Report calls for change in law to increase social value of public procurement’s market power

A thinktank is calling for a change in the law to squeeze more social value out of procurement and harness the market power of housing associations and the public sector to deliver greater benefit for communities.

In a new report, Valuing More than Money: Social value and the housing sector, the IPPR is arguing for the Public Services (Social Value) Act 2012 to be strengthened and extended so that it can drive change and deliver better outcomes for society at large.

“The pubic want to see businesses act not just in the interest of short-term profit but for the long-term good of the economy and society,” said co-author Luke Murphy, the IPPR’s associate director for energy, climate, housing and infrastructure.

“Every year, the public sector spends hundreds of billions of pounds procuring goods and services from the private sector. It can only be right that public money is used to drive better outcomes for us all, whether that’s by boosting local job opportunities or raising standards at work.”

Public spending creates large markets for goods and services, the IPPR points out: total UK public procurement amounted to £292 billion in 2018-19. This is equivalent to around 14% of GDP or 36% of total government spending. Standards driving procurement decisions can therefore have a powerful effect in supporting and encouraging good business behaviours, the organisation argues.

However, its report claims that the opportunity to drive more social value is being underused; at present, estimates suggest that about 9% of public procurement spending is being influenced by the 2012 Public Services (Social Value) Act. This is partially because the scope of the act focuses on the procurement of services contracts but ignores goods and construction and engineering related works.

The report argues that the law should be strengthened and extended to require public officials to consider the social impact of all of their purchasing decisions, amounting to £292 billion in 2018-19.

It comes seven years after the 2012 Public Services (Social Value) Act first required all public bodies in England and Wales to consider the economic, social and environmental implications of the services they commission or procure.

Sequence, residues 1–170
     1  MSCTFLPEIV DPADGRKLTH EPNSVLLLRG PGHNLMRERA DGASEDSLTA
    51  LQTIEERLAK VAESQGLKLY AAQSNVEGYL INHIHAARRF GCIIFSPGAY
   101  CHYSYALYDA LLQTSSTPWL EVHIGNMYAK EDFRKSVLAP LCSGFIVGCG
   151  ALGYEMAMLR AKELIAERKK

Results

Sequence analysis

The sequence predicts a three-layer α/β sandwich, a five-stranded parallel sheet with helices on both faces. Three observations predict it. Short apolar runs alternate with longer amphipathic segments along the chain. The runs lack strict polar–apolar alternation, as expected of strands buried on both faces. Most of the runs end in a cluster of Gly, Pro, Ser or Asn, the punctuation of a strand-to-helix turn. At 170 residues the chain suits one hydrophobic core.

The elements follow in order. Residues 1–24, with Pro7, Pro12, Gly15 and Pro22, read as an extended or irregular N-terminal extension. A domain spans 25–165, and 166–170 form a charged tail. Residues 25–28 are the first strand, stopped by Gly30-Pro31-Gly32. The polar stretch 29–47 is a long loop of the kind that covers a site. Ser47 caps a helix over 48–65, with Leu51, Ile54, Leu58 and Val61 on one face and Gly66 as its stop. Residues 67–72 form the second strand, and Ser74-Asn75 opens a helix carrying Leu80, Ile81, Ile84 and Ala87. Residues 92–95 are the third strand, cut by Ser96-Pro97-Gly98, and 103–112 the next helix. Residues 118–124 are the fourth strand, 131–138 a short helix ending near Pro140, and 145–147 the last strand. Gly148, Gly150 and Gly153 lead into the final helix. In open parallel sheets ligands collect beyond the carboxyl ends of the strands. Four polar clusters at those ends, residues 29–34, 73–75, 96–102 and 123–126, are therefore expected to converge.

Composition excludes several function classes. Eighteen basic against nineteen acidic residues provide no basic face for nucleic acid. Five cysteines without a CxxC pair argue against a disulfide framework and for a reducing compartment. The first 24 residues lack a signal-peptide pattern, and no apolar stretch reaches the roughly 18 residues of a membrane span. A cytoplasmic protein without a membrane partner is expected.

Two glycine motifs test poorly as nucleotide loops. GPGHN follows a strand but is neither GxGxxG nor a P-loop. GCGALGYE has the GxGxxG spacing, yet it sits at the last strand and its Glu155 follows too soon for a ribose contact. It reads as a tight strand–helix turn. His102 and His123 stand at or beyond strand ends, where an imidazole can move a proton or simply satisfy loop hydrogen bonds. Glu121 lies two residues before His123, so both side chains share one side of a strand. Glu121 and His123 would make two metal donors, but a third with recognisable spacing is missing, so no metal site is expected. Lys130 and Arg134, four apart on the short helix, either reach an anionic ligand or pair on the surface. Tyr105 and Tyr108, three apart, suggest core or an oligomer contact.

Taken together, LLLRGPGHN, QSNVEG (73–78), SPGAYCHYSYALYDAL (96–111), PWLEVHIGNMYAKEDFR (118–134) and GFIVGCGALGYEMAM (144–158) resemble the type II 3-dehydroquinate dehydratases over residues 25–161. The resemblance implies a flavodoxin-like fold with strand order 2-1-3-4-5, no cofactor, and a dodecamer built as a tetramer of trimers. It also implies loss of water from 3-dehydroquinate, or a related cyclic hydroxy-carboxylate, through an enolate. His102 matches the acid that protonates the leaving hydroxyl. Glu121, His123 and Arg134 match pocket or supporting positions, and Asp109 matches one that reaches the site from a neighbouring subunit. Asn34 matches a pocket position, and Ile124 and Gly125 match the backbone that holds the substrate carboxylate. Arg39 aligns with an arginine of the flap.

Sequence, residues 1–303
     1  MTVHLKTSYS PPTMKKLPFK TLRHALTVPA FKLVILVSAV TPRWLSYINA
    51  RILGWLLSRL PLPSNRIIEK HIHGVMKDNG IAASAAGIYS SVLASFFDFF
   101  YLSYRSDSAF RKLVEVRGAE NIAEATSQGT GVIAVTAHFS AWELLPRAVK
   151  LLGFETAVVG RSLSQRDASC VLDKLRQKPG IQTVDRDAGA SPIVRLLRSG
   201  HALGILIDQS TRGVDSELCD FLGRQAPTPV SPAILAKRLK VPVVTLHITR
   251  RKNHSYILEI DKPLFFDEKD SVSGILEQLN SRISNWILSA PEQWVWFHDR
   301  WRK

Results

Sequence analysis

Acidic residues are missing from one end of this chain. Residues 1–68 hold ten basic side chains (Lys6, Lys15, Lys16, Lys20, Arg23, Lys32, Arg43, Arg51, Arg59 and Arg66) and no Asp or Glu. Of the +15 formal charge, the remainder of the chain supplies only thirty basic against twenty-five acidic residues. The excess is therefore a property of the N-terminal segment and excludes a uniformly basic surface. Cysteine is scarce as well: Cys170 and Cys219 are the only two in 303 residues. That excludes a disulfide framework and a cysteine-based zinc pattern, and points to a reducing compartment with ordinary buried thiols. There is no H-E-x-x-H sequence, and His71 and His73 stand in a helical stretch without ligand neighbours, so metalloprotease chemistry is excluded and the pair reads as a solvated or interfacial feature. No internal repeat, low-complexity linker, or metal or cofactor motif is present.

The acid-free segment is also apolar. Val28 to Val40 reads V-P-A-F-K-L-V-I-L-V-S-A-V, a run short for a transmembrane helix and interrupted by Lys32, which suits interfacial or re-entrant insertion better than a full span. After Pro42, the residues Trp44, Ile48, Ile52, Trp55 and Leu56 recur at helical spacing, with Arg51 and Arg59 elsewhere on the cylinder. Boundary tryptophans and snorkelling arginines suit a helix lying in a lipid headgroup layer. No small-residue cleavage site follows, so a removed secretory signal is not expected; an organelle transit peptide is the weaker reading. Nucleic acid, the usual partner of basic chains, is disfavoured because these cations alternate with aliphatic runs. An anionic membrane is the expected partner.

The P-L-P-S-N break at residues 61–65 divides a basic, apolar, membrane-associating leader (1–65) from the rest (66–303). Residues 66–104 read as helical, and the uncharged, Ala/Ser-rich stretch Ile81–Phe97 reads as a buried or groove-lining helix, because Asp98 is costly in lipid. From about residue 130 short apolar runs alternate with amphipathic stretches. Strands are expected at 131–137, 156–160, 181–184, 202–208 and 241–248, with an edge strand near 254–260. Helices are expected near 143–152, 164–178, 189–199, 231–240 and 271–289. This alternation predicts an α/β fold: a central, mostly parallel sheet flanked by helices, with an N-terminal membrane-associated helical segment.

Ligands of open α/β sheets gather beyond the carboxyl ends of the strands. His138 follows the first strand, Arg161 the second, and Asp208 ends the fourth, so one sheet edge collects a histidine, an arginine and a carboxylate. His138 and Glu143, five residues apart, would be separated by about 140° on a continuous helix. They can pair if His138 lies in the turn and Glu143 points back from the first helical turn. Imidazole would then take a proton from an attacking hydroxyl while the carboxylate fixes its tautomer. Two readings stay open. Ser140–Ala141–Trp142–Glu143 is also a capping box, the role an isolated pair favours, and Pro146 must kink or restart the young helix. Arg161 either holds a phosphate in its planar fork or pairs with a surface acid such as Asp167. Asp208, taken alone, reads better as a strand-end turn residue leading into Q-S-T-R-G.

That means they must look beyond a crude “lowest cost” measure of their decisions and consider the wider value that could be delivered – including boosting local job opportunities and supply chains, raising standards at work, increasing skills and creating opportunities for vulnerable people.

IPPR says it examined the application of social value within housing as a particular case study. The report found that welcome progress has been made, with housing associations and local authorities integrating the Social Value Act into their decision-making. But it highlights failings in the way the law is currently used. It argues that the housing sector in particular would deliver better social outcomes if changes are made.

The IPPR report calls for the Act to be strengthened and widened by:

  • Extending its scope from services to include the procurement of works and goods
  • Requiring public bodies to ‘account for’ rather than simply ‘consider’ social value, forcing them to state publicly the additional social benefit they have delivered
  • Applying it to all contracts, below the current EU procurement threshold, but with a lesser expectation depending on the scale

It calls for clearer and more consistent approaches to measuring social value, with less emphasis on devising precise monetary figures for any benefits, with other metrics also considered. Within the housing sector these could include hours volunteered in community engagement; numbers of rehabilitated offenders employed; or impact on the diversity of wildlife, measured in species richness per square metre.

“Social value has come a long way since the introduction of the Social Value Act in 2012, and particularly so in relation to housing,” said co-author Tom Hill, senior research fellow at the IPPR. “Yet if we really want to deliver more social value we need to move beyond a narrow focus on the procurement of services to looking at all aspects of the goods and works that the government procures. In the housing sector this would mean considering all aspects of the housing lifecycle, from the initial design phase through the construction phase and its on-going use once built.”



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